Saturday, January 29, 2011

Dermatitis and Failure to Thrive

Abstract: 3.5 month old male infant with Failure to Thrive and Dermatitis

HPI: This 3.5 mo old infant male is the product of a normal pregnancy and delivery. He has had a severe dermatitis since shortly after birth. The process is most prevalent on head and neck and torso. He has lost weight on 150 kcal/kg per day. On visits seems happy and content. Three older siblings are all normal.

O/E: Widespread scaly patches on trunk and scalp. Thick cradle cap, greasy scale scalp and face. Background erythema. Red excoriated napkin area.

Photos: Taken when child was 9 weeks old.

Labs: Hi K+ and NA on hospital admission for FTT (but since normalized). Mild eosiniophilia and increased plts. Normal: CBC, ZN, IgE, IgM, IgA, IgG, amino acids. Normal karyotype, negative FISH for Williams Syndrome. Complement levels will be done and hair will be looked at for trichorhexis invagninata.

Diagnosis: Unclear. Initially I thought this child had infantile seborrheic dermatitis, but that usually responds well to treatment. At this point, Leiner's and Netherton's syndromes need to be ruled out. While neglect was initially considered, the child's pediatrician feels at this time that the mother is competent and has raised three other normal children.

Discussion: I saw this child once six weeks ago and because of transportation problems they could not keep f/u appointments. The eruption was originally treated with HC valerate 0.2% cream. Scalp hygiene was discussed. At this point a systemic process is considered.

Questions: In addition to considering Netherton's and complement deficiency syndromes like Leiner's what else would you recommend?

Follow-Up: The patient saw a pediatric gastroenterologist who changed her formula to one that excluded all milk proteins -- the eruption cleared completely in a few days and weight gain ensued. This was a milk allergy that masqueraded as a serious underlying disorder.

Sunday, January 09, 2011

Brachioradial Pruritus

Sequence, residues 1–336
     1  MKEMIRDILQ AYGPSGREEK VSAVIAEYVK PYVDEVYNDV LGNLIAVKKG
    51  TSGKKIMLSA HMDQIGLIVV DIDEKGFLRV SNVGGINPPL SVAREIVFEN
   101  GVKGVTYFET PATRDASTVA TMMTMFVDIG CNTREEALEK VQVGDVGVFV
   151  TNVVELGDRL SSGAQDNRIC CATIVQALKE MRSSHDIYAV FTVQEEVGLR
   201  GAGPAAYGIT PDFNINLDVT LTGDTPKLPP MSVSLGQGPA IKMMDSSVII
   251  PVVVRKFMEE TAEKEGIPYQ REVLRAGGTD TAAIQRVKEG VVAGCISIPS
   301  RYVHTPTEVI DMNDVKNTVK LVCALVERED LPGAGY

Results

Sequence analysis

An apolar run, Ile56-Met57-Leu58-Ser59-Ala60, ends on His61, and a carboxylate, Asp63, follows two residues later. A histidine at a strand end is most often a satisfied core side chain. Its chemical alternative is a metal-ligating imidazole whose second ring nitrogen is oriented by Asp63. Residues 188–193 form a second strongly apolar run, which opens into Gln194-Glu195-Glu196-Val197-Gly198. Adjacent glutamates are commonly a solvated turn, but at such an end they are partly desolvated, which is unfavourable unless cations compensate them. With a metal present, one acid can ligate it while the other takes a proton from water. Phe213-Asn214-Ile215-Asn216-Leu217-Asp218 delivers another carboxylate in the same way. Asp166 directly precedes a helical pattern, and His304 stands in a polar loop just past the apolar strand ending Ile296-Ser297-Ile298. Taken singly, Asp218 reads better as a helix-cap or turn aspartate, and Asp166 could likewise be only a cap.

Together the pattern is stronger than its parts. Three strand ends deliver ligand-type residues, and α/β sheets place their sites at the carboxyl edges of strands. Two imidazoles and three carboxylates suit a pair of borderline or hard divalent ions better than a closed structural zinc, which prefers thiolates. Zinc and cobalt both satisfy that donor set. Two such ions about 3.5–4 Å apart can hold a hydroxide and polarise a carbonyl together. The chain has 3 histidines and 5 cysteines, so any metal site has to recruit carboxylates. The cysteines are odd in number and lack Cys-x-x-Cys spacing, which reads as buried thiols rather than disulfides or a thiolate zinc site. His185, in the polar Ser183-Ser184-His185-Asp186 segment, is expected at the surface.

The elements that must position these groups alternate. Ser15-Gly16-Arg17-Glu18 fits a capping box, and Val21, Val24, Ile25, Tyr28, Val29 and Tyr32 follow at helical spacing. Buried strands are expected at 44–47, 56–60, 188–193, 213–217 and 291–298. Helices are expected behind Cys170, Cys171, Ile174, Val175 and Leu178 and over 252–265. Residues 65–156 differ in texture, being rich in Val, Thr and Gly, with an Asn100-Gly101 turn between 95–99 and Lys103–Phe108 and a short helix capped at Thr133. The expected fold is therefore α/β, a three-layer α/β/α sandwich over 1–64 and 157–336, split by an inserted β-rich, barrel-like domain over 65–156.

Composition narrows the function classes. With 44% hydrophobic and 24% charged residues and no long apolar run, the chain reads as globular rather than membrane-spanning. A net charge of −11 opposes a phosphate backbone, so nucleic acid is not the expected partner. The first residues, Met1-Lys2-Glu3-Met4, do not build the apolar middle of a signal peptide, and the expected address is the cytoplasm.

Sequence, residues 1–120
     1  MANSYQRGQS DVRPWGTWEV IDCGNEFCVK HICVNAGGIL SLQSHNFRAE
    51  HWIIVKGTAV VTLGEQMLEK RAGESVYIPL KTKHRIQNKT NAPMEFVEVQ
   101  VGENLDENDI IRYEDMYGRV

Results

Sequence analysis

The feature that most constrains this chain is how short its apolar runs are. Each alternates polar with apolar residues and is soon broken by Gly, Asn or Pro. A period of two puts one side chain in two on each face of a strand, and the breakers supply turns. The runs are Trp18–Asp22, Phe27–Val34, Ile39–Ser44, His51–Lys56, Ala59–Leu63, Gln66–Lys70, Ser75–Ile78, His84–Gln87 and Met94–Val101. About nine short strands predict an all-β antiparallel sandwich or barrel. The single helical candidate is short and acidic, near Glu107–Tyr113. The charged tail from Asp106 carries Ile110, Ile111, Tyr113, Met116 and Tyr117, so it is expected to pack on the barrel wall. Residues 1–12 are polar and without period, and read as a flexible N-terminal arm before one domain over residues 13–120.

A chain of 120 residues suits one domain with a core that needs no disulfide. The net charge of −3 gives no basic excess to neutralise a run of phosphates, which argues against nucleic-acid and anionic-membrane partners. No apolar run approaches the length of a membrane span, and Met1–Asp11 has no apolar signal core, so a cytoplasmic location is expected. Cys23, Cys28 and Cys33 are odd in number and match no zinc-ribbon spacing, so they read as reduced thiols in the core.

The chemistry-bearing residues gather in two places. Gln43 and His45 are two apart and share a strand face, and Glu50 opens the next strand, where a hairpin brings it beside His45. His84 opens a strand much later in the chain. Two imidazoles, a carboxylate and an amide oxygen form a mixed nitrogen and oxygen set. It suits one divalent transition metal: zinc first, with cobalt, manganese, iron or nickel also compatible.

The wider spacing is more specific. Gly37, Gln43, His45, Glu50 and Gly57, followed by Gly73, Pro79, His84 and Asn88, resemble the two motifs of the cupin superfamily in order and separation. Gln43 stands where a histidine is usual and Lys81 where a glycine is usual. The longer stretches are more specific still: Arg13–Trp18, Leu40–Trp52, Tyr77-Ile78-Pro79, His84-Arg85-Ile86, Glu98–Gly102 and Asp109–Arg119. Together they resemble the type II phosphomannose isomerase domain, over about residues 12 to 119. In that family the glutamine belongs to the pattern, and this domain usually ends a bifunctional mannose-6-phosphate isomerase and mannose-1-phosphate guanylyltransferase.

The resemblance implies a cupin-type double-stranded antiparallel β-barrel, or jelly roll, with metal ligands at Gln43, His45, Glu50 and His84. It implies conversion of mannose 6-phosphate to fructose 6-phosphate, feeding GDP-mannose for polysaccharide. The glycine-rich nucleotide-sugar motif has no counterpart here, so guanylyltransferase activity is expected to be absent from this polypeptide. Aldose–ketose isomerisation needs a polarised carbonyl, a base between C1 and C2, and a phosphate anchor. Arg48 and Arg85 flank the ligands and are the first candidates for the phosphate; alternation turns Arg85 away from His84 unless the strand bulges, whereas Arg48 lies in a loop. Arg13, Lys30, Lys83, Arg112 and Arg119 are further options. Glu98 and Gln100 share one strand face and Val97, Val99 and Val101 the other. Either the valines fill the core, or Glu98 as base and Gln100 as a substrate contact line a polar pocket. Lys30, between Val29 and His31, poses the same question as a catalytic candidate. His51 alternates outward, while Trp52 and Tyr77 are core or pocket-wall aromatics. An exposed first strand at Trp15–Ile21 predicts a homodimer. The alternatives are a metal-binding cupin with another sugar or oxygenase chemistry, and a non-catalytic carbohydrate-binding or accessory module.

We continue to get questions from readers -- but many do not leave an email address. If you want specific questions answered, I will try to do so but need an email to respond to. As of March 18, 2012, we've had 68 comments to this post -- and some people ask specific questions. If you want a response, you will have to include your email address. Otherwise, we have no mechanism to reply. We do not share email addresses with anyone. We do not bill anyone for anything.

June 15, 2012.  NEW LINK:  WE HAVE POSTED AN INFORMATION SHEET ON DermatologyCentral.  It's a work in process but should be helpful:  Brachioradial Pruritus Resource Page.
I have had an interest in Brachioradial Pruritus (BRP) for over 25 years and published a paper on it in 1985 and co-wrote a chapter on BRP for (Actually, the lion's share of the writing was done by Julianne Mann, then a dermatology resident at Oregon Health Sciences University.) As a result of the chapter, I receive a few requests for information each year. Two came in recently and, with their permission, are presented here. Perhaps, some of our readers have suggestions for management of this annoying and occasionally disabling problem. Note: It is amazing how many comments have been made by people who suffer with BRP. Around 55 at this time. If you wish to leave a comment, and would like us to acknowledge it, please send me your name and email address. It will not appear anywhere on this site; but if you want me to relpy to you I need your contact information. Thank you, DJ Elpern.

1. This is from a 32 y.o. equestrian
I am an otherwise healthy woman desperately searching for a doctor who may be able to discuss some treatment options for my very itchy arms! I am 32 year old, 110 lb, active, female resident of New England and have been suffering with itchy arms (without rash) for at least four years now. When I finally sought treatment- I was referred by my primary MD to a dermatologist who informed me that I had dry, sensitive skin, and prescribed a topical cream and an oral steroid - I carefully followed his advice for 2 years - with absolutely no relief from the itch. The only thing that relieved the symptoms (which flare more intensely in the evening hours) was ice packs. I was often woken from sleep by the itch.